1
$\begingroup$

The Cayley-Hamilton theorem says that every square matrix can satisfy its own characteristic equation, $p(\lambda) = 0$, or $p(\mathbf{A}) = \mathbf{0}$.

The question is to show how the Cayley-Hamilton theorem follows from Schur's triangularization theorem.

If $\sigma(\mathbf{A}) = \{\lambda_1, \lambda_2 \ldots, \lambda_k \}$, with $\lambda_i$ repeated $a_i$ times, then there is a unitary $\mathbf{U}$ such that

$\mathbf{U*AU} = \mathbf{T} = \begin{pmatrix} \mathbf{T}_1 & \star & \cdots & \star \\ & \mathbf{T}_2 & \cdots & \star \\ & & \ddots & \vdots \\ & & & \mathbf{T}_k \end{pmatrix}$, where $\mathbf{T}_i = \begin{pmatrix} \lambda_i & \star & \cdots & \star \\ & \lambda_i & \cdots & \star \\ & & \ddots & \vdots \\ & & & \lambda_i \end{pmatrix}_{a_i \times a_i}$.

Moreover, $( \mathbf{T}_i - \lambda_i\mathbf{I})^{a_i} = \mathbf{0}, so (\mathbf{T} - \lambda_i \mathbf{I})^{a_i}$ has the form

$( \mathbf{T}_i - \lambda_i\mathbf{I})^{a_i} = \begin{pmatrix} \star & \cdots & \star & \cdots & \star \\ & \ddots & \vdots & & \vdots \\ & & \mathbf{0} & \cdots & \star \\ & & & \ddots & \vdots \\ & & & & \star \end{pmatrix} \leftarrow \mathrm{i^{th} \ row \ of \ blocks}$

After this step, I am not sure how to use the characteristic equation to derive the final answer. Anyone know how to solve it?

$\endgroup$
1
  • $\begingroup$ Have you tried mathematical induction? $\endgroup$
    – user1551
    Apr 10, 2015 at 22:25

1 Answer 1

1
$\begingroup$

Take a column vector $v_k:=v$ and split it up into $k$ pieces corresponding to the blocks of the matrix. Since $(\mathbf{T} - \lambda_k \mathbf{I})^{a_k}$ has its lower right block equal to zero, $v_{k-1}:=(\mathbf{T} - \lambda_k \mathbf{I})^{a_k} v_k$ has last piece zero. Then, since $(\mathbf{T} - \lambda_{k-1} \mathbf{I})^{a_{k-1}}$ has a block in its $k-1$st row and $k-1$st column of blocks which is zero, $$ v_{k-2}:=(\mathbf{T} - \lambda_{k-1} \mathbf{I})^{a_{k-1}} v_{k-1}=(\mathbf{T} - \lambda_{k-1} \mathbf{I})^{a_{k-1}}(\mathbf{T} - \lambda_k \mathbf{I})^{a_k} v_k$$ has its $k-1$st and $k$th pieces equal to zero. You can continue in this way for a total of $k$ steps until you find that $$ v_0=\left(\prod_{1\le i\le k}(\mathbf{T} - \lambda_{i} \mathbf{I})^{a_{i}}\right) v=0. $$ Multiplying by $\mathbf{U}$ then gives $$ \left(\prod_{1\le i\le k}(\mathbf{A} - \lambda_{i} \mathbf{I})^{a_{i}}\right) \mathbf{U} v=0, $$ which, since $v$ was arbitrary and $\mathbf{U}$ is invertible, proves that $$ p(\mathbf{A})=\prod_{1\le i\le k}(\mathbf{A} - \lambda_{i} \mathbf{I})^{a_{i}}=\mathbf{0}. $$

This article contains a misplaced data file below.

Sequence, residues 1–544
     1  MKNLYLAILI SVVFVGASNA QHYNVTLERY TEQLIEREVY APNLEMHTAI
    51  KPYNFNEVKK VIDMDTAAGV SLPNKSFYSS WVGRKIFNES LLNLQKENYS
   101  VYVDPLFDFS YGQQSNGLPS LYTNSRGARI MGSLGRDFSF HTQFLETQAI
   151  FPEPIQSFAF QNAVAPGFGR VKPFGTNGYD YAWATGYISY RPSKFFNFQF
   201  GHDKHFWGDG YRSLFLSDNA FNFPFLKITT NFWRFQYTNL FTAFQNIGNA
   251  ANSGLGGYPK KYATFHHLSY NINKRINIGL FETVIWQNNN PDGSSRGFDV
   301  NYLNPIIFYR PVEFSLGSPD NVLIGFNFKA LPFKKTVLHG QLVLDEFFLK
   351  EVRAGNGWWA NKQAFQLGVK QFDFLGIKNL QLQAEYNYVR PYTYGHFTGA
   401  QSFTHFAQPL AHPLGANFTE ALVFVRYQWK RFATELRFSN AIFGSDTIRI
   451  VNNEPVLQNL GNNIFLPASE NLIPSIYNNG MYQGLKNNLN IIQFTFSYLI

$\endgroup$

You must log in to answer this question.

Not the answer you're looking for? Browse other questions tagged .